When you refinance your mortgage, you have more to worry about than just the amount you borrow and your new payment. You also have to worry about your escrow account (if you have one). If you currently have the mortgage lender pay your real estate taxes and homeowner’s insurance, you have an escrow account. Many loan programs require that you set up an escrow account when you refinance as well.
Setting up an escrow typically means that you have to stock the account with funds to make sure there’s enough there when the lender has to pay your bills for you. But if you have a current escrow account, you may be able to ‘net escrow.’ Keep reading to learn what this means.
Understanding the Escrow Account
Before we can discuss net escrow, let’s look at the definition of an escrow account.
When your lender handles the payment of your real estate taxes and homeowner’s insurance, it’s an escrow account. You paid a certain amount when you closed on the loan to set up the account. At a minimum, borrowers typically pay 2 months of taxes and insurance upfront, but they sometimes have to pay more depending on the timing of the closing. Once you started making mortgage payments, you also paid 1/12th of your real estate taxes and homeowner’s insurance each month.
The money you paid toward your taxes and insurance went into your escrow account. Approximately 30 days before the due date of your taxes and/or insurance, your lender would pay the bills on your behalf. They get the money from your escrow account. You then continue to make the 1/12th payments to keep up with your balances and payments.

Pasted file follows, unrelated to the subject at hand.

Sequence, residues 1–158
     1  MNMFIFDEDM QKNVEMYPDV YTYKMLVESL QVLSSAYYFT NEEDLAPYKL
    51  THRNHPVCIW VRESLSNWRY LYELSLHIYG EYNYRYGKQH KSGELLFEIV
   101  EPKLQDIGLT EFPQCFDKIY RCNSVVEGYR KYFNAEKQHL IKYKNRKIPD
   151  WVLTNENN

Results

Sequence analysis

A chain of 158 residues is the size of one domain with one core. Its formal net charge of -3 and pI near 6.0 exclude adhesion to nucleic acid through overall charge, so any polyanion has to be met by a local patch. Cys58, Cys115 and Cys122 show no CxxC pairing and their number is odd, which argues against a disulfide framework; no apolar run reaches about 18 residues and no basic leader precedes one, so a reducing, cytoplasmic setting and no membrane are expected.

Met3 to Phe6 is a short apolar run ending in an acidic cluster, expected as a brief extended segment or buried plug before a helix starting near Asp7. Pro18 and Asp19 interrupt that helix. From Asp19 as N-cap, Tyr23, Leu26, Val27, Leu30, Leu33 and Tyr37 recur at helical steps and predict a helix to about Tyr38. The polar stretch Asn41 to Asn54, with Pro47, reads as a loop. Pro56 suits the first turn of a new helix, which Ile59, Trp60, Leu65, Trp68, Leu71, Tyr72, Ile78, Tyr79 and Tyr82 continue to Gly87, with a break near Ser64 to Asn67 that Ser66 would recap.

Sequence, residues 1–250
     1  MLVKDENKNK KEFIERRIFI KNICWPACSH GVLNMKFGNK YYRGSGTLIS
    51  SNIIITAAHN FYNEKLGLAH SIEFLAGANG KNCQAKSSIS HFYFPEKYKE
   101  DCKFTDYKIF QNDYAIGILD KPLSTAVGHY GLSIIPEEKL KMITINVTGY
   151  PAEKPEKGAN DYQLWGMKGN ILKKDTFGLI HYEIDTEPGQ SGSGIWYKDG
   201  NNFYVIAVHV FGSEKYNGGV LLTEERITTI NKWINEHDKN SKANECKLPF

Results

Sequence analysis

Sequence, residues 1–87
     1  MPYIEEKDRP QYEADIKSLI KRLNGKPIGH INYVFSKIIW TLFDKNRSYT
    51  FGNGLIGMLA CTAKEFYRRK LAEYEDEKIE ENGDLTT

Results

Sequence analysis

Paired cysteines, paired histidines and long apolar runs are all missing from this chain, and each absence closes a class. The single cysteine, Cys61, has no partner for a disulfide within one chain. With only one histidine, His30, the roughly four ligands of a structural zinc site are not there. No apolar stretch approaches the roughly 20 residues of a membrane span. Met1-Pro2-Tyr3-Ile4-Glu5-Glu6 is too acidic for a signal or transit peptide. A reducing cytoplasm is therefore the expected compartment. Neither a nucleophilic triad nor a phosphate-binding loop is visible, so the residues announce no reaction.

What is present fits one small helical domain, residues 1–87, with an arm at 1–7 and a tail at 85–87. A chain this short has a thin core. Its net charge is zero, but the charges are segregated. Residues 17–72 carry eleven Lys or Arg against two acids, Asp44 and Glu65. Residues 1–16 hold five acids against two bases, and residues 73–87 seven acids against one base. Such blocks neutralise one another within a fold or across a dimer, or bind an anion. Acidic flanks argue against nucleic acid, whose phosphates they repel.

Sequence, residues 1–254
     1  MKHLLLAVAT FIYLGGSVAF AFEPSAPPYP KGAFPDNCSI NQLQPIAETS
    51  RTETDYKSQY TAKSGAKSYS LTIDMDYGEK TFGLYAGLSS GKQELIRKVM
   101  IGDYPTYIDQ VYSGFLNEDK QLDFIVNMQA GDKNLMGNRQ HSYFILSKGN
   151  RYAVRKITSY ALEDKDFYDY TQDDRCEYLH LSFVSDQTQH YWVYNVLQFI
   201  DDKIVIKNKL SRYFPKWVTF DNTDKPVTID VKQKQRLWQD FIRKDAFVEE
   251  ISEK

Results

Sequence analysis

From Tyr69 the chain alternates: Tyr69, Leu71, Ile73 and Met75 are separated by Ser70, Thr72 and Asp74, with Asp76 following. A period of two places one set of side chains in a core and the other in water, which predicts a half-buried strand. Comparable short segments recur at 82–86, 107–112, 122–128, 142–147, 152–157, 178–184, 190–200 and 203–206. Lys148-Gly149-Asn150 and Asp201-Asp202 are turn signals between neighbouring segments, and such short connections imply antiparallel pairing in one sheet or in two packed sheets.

Understanding Net Escrow
Now, let’s say you want to refinance your mortgage that has an escrow account. This means you pay off your loan with your existing lender. It also means that the lender no longer has to pay your taxes and insurance. The money you have in their escrow account then belongs to you.
In a typical transaction, the lender sends you the balance of what’s in your escrow account approximately 45 days after you pay the loan off in full. But, you can ask the lender to ‘net escrow.’ This means rather than the lender sending the funds back to you, they send them to your new lender.
The new lender applies the funds to the new escrow account. What is left ‘the net amount due’ is then your responsibility. In short, it helps to decrease the amount of money you have to give the lender out of your own pocket to start a new escrow account.
How Does Net Escrow Help You?
When you refinance, again, it’s like starting over with a new loan. Your new lender will need money to set up your escrow account. If you are at least six months out from your next real estate tax or homeowner’s insurance due date, you typically only need to fund the account with two months of taxes and insurance money. If there are less than six months until your next due date, though, the lender may need to collect more money up front in order to have enough to pay the bills.
If you have to fund the account from your own pocket, you could end up forking over several thousand dollars to make sure there’s enough to cover the taxes and insurance. If you net escrow, though, you basically roll the funds over from one account to the next. This could decrease the amount of funds you have to provide out of your own pocket. In some cases, you may not have to provide any money out of your own pocket.
Do All Lenders Net Escrow?
Unfortunately, lenders aren’t required to net escrow. This means you may find some lenders that don’t agree to do so. While the bottom line comes out the same – you pay the funds up front and then get reimbursed from your escrow account with your original lender, you still have to come up with the money at the closing.
If you need to net escrow, that should be one of the questions you ask before you apply for the loan. Don’t forget, though, you have to make sure that your current lender is willing to do it as well. If not, you may have to wait to refinance until you don’t have to put as much money into your escrow or find a different lender that is willing to help.